Response: There are many versions of flat maps available, simply due to the fact that flat maps are attempted projections - not the reality - of the 3D Earth, and each version has a distortion in either size, distance, and/or direction. Those who argue that the Qibla is South-East base their judgment on a cylindrical map projection, particularly the Mercator projection, which contains major distortion in size and direction. The fact that it contains distortions in direction is sufficient to avoid using it to determine the Qibla.

If one insists on justifying the use of any 2D map available, then what should we say to one who chooses to pray South-West (or North-West depending on their reading) based on this AuthaGraph map? What about those who use the Azimuthal equidistant projection (which conforms with the Flat Earth map for those who believe that the earth is flat), which clearly points North-East? The fact that different flat maps taken from a 3D globe point to a different Qibla direction indicates that such maps are not reliable.

Claim #2: We cannot rely on scientific innovations to determine Islamic rulings that have been in place long before the modern scientific and technological innovations.

Response: This is certainly a strange claim for those who argue that the Qibla is South-East based off of a 2D projection (thanks to scientific and technological innovations) of a 3D illustration of Earth (thanks to scientific and technological innovations) that is understood to be distorted by geographers (thanks to scientific and technological innovations).

In Islam, we are allowed to utilize technological innovations to help aid us for as long as it doesn’t go in opposition to the Islamic Texts (Quran and Hadith). That is why we are allowed to use microphones in the Masjid when praying or delivering Khutbah, or the internet to propagate Islamic Dawah.

Claim #3: We must rely on the tools agreed upon by the scholars of the past to determine our direction of Qibla.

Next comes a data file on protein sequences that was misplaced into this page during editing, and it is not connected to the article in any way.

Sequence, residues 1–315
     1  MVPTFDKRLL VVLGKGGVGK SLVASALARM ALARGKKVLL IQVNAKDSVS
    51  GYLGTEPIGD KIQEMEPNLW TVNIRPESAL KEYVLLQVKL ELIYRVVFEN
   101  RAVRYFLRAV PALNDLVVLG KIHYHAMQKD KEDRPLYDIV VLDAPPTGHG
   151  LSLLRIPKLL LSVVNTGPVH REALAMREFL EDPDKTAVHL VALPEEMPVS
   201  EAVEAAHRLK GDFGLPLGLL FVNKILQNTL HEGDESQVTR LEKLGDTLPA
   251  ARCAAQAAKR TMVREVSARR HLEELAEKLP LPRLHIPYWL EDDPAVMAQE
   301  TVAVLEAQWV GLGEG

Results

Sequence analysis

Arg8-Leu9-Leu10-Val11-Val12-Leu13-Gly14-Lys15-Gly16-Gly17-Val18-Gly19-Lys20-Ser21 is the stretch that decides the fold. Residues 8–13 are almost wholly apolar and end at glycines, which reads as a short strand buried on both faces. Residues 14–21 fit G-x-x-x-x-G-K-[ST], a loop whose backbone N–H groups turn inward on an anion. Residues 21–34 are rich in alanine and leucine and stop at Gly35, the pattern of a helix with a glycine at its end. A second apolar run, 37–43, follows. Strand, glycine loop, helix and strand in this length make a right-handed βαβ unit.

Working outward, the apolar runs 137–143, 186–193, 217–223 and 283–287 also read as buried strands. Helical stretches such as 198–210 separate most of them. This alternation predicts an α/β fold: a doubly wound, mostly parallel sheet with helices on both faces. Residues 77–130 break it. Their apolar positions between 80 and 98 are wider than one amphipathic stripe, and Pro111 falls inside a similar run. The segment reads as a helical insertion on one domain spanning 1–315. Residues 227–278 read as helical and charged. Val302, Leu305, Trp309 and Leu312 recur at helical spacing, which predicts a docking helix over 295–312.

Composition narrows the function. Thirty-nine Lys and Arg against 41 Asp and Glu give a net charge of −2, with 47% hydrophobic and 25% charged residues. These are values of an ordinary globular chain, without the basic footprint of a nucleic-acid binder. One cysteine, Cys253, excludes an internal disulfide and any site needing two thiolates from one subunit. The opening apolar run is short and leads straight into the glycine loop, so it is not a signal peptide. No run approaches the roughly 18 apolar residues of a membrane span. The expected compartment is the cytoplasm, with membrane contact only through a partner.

Response: There is no disagreement in utilizing the tools agreed upon by the scholars of the past to determine our direction of Qibla, such as the sun, stars, wind, etc. The question is, do these tools tell us where the Ka’ba is or do they tell us what direction we are facing relative to where we are? In other words, how do the stars tell us that the ka’ba is in the south east direction and not the north east direction? In fact, using some of the tools such as the sun clearly point to the direction of North East (see the “Evidence” section above), so what tools actually suggest that the direction is South East?

In other words, the Quranic teaching for us to use the stars as direction are there for us to know which way we are facing if we happen to be at any place and we need to know which direction we are facing at that moment.

Claim #4: The North-East direction was the direction chosen by non-Muslims for Muslims to face when they (non-Muslims) built the first Masjid for Muslims in North America.

Response: Firstly, the claim that the first Masjid for Muslims in North America was built by non-Muslims needs to be substantiated. Secondly, even if the North-East direction was initially pointed out by non-Muslims, how does that negate that the actual direction towards Mecca is, in reality, North-East? In fact, many Muslim organizations in North America have independently determined that the Qibla is North-East, as nearly every Masjid in North America take as their Qibla the North-East direction.

Claim #5: When determining the “shortest distance”, we must not use the flat (2D) surface of the Earth, but rather we must take into account the X, Y, and Z (3D) planes to determine shortest distance. Otherwise, we would be facing space as we pray.

Response: Philosophical statements are dangerous to the common people, as they only serve confusion as opposed to clarity. The gist of this argument is that one should face through the Earth’s crust and the mantle (and possibly through the outer and inner core) to get to Mecca. If this argument was true, we would have to pray on our bellies to face through the Earth. Evidently, this argument is so ridiculous, it leads to one praying Salah without establishing the pillars of Salah.